I worked for 21 years at the University of California, Davis campus as an accelerator operator on their 76" cyclotron. While setting up a new experimental area we found the need for a way to remove a radioactive beam dump so people could enter the area to change parts for the experiment. We came up with a pretty unique solution.
The experimental area is at the end of a beam line where a 67 MeV proton beam exited into the room. The parts were set up in its path but just past there we used a 2"X 11"X11" Carbon block to stop the beam. The block became highly radioactive during long experiments and would take hours to die down to a safe enough level for people to enter the room. Since we charged $500/hour for beam time we needed a way to shorten this waiting period.
We came up with the idea of using a G scale train that ran along the wall and curved out to the Carbon block. We mounted the block on a flat car at the end of the train. When an experimenter wanted to go in the room we would turn off the beam and initialize the safety system. A beam block would roll into place in the beam line, tripping a switch that initialized the train which pulled the block down the track around the curve and down the wall. About 5' from the target area we built a "coaling tower" where the flat car would be taken to. Inside the tower was lined with lead bricks to provide enough shielding to knock down the radiation to a safe level. The experimenter would come into the room, get their part and put a new one in place. When they left and closed the room up we would open the beam plug to start the next experiment. The movement of the beam plug initiated the train to reverse direction and back the Carbon block into position. We used sensors and cameras to make sure everything was properly in place.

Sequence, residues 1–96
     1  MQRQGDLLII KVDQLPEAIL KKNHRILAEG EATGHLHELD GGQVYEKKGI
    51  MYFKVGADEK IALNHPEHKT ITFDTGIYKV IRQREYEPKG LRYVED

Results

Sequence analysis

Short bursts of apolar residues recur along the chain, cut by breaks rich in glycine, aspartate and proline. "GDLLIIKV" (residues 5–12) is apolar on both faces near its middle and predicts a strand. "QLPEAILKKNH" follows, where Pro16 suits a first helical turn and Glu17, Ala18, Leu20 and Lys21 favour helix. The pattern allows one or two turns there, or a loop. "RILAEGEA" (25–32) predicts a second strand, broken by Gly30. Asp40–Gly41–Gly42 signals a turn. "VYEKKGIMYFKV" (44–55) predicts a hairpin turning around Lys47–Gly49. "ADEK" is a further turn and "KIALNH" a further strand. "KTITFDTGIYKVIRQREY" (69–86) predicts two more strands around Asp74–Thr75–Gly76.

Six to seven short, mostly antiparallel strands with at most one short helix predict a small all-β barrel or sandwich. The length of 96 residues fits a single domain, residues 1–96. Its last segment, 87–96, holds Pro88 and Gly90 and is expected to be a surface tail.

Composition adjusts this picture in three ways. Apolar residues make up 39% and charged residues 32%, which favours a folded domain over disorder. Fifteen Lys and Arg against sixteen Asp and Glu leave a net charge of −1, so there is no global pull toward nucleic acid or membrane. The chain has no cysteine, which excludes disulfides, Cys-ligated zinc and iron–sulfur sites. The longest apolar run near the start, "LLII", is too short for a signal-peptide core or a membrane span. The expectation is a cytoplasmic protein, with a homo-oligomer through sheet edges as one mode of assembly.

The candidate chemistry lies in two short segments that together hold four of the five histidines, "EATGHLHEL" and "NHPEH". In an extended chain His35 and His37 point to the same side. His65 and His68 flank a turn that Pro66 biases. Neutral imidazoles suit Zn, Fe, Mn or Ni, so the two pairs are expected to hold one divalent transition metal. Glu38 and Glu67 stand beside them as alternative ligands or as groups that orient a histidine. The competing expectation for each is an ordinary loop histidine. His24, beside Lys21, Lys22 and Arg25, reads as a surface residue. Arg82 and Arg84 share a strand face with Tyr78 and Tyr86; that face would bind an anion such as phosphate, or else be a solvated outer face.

To make the coaling tower we used the wood from old pallets and ran them through a table saw to make dimensional lumber. We made the roof from cardboard, stripping off one side to reveal the corrugations and then painting with a grey paint from a rattle can. We also built a wooden trestle on the curve where the track curved out from the wall. We eventually removed the trestle to get better access to the backside of the experiment area.
This project earned us quite a reputation in the industry and people from all over the world enjoyed working with our unique safety system.
Ater about ten years the train was replaced with a different system. We ran power through the rails so regular maintenance was required. If we had known about dead rail back then it probably would still be in operation. The picture below shows the control room for the cyclotron. In the upper left you can see the original switching engine we used before going with the more powerful diesel.
The only part of the train that got hot was the flatcar and that died down pretty quickly. The Carbon block stayed hot for quite a while.
The train idea was scrapped after I retired. We had a small crew and I was the only one into trains so they kindly waited until I was gone and then replaced it with the more expensive "scientific" looking system. Most experimenters got a kick out of the train but I suspect my crew thought it was unprofessional. Personally I think if ya can't have fun on your job then it's just another job.
____________________ Tom Ward
"When I die I want to go quietly in my sleep like my grandfather. Not screaming in terror like his passengers."